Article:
In light of these biblical precedents, we can interpret the two assemblies in 2 Chronicles as showing these elements. In both cases, though, the legitimacy of representative assemblies and political behavior on the part of the common people is granted within scripture. After the death of the wicked young King Amon, there was no obvious successor to the throne. Perhaps Amon had a few young children, any of whom could have been crowned as the next king. It would seem likely in such a circumstance that a lot was chosen to show God’s will in light of the youth of the contenders and their lack of an obvious political program or obvious fitness for authority. In this particular case, Josiah was chosen by the assembly of the people of the land, and he became one of the three superlatively righteous kings of the history of Israel and Judah (along with David and Hezekiah). Additionally, this assembly not only chose one of the most righteous kings of biblical history, but also put to death the assassins of the wicked previous king, showing that the treacherous murder of even wicked kings is ungodly. Tyrannicide is still murder according to the bible, and representative assemblies are capable in God’s word of not only choosing leaders but also executing judgment on the ungodly, acting as a grand jury as well as an assembly.
The situation is somewhat different in the case of the second assembly of 2 Chronicles. Here, Josiah died while still a vigorous king, but with several adult sons from which a king could be chosen. It would appear that in this assembly of the people of the land, a more political decision was made, where the would-be kings themselves would have sought to appeal to the concerns of the people. In light of the behavior of the king of Egypt, it would appear likely that Jehoahaz promised a pro-Babylonian, anti-Egyptian platform to continue his father’s efforts (which would explain why Pharaoh Necho removed him from power and imprisoned him in Egypt) and that his brother Eliakim had a more pro-Egyptian or moderate aim which was unacceptable to the assembly of the people of the land but more amenable as a puppet ruler for Pharaoh Necho. This can be inferred from scripture, even if the Bible does not discuss political behavior explicitly in ways that would be familiar to modern readers, but rather imbeds its political arguments in religious language that shows the ultimate authority of God working through various means to carry out His will.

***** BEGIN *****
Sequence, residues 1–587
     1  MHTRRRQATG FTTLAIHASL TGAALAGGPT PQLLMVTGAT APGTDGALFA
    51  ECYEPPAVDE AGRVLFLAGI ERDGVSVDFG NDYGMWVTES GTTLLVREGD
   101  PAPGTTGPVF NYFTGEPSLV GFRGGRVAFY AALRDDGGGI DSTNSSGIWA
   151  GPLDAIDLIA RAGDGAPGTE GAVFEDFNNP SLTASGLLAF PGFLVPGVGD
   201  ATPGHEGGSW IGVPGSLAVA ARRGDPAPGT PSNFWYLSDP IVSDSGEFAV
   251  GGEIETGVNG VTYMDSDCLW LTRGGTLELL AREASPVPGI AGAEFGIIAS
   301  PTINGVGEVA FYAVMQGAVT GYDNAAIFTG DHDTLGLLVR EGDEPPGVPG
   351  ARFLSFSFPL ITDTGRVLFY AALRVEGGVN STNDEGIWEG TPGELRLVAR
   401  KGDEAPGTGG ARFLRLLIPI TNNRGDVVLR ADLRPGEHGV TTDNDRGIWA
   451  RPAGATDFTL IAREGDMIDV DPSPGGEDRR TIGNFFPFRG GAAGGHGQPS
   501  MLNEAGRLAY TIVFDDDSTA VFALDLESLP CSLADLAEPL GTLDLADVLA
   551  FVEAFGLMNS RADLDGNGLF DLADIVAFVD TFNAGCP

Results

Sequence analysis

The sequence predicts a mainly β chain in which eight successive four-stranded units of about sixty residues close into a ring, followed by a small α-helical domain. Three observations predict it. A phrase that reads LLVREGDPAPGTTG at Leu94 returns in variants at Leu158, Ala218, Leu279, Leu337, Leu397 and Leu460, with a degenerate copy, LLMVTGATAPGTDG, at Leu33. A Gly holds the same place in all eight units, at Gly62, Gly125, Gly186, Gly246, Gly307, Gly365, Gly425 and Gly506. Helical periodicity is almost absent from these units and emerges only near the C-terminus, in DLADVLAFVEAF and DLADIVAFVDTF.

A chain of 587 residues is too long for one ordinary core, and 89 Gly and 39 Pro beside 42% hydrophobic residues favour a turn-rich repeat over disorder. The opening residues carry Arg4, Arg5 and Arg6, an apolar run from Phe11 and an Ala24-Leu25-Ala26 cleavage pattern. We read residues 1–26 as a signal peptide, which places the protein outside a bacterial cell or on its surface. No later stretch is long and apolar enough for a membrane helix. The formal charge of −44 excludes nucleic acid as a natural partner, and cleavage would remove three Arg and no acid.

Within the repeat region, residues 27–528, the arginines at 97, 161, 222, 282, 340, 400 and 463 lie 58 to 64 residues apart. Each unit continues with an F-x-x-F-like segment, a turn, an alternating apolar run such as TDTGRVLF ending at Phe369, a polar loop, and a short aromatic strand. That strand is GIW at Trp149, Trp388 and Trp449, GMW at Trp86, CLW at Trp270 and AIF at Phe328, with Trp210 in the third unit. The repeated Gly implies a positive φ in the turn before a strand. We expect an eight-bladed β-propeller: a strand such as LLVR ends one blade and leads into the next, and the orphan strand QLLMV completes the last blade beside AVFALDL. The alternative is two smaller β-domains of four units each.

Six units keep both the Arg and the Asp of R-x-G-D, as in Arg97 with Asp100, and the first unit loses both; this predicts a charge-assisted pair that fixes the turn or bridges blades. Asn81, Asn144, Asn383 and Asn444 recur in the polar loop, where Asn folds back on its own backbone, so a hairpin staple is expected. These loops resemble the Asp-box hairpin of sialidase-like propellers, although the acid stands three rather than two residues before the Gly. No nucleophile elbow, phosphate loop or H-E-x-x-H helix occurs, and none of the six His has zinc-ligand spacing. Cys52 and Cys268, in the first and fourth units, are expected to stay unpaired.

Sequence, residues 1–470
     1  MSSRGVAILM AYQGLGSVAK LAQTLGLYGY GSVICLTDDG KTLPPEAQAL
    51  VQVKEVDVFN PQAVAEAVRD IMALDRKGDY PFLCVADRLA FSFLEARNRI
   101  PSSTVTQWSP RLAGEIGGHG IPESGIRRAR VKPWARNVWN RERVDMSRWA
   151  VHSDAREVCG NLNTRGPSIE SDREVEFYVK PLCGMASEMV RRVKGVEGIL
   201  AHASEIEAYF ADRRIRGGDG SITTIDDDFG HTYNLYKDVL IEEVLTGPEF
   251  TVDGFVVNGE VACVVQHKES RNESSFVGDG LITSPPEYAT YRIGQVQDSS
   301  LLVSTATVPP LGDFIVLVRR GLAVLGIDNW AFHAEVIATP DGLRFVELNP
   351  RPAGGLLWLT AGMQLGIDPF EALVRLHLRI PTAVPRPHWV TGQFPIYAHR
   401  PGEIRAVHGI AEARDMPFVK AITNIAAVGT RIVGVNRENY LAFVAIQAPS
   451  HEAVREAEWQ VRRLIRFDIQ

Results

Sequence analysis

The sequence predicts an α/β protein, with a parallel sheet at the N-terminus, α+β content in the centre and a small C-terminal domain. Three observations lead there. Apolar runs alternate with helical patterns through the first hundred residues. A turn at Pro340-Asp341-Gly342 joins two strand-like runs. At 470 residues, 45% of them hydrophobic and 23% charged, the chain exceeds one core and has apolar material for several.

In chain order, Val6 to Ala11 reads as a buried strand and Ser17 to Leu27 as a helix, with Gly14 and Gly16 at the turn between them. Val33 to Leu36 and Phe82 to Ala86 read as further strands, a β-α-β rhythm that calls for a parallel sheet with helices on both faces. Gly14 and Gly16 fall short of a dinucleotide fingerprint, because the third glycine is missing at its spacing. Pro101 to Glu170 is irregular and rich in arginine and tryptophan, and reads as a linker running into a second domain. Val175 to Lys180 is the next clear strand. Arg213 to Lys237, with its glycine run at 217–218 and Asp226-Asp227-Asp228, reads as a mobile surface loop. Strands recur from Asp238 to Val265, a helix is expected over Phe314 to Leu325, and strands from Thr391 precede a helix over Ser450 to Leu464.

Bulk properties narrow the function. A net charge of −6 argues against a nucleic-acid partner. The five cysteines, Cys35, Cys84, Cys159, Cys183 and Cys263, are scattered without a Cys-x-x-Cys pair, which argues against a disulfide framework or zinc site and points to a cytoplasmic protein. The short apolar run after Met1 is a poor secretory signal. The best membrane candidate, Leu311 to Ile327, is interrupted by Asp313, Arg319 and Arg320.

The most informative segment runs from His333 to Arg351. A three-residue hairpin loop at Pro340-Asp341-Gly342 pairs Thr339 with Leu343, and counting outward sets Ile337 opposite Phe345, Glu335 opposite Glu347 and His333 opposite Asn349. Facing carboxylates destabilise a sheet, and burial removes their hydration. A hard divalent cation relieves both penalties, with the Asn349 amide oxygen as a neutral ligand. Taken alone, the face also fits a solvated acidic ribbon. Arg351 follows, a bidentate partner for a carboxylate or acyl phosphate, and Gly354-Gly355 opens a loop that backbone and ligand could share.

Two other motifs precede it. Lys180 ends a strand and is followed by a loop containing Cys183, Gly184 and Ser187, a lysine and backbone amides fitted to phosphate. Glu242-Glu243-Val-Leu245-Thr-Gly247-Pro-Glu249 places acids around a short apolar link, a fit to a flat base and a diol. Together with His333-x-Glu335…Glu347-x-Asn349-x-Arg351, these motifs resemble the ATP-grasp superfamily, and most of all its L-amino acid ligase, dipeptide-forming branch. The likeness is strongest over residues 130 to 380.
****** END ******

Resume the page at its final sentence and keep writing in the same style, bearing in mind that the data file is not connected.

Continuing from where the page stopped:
If the people of the land discussed in 2 Chronicles 33 and 36 is an assembly of Israel’s local leadership like that of 1 Samuel 8 and 1 Kings 12, then there are several implications. One of these implications is that it gives a couple more examples of the legitimacy of representative assemblies in the eyes of God, as such examples are rare both in history and in scripture. Granting legitimacy to ancient representative assemblies also provides strong support to the legitimacy of assemblies and voting as a means of selecting leaders for people today. That which was right for people in the time of Josiah can hardly be wrong today. Likewise, the further involvement of the assembly of the people of the land in the time of Josiah in executing the assassins of evil King Amon would demonstrate that the involvement of common people in juries executing the death penalty is also legitimate, making it legitimate here and now as well. Perhaps it might be one more factor that rids the world of the mistaken belief that the death penalty is hostile to the sixth commandment, as is falsely believed by many. These assemblies deserve to be better known, and better understood for their political implications.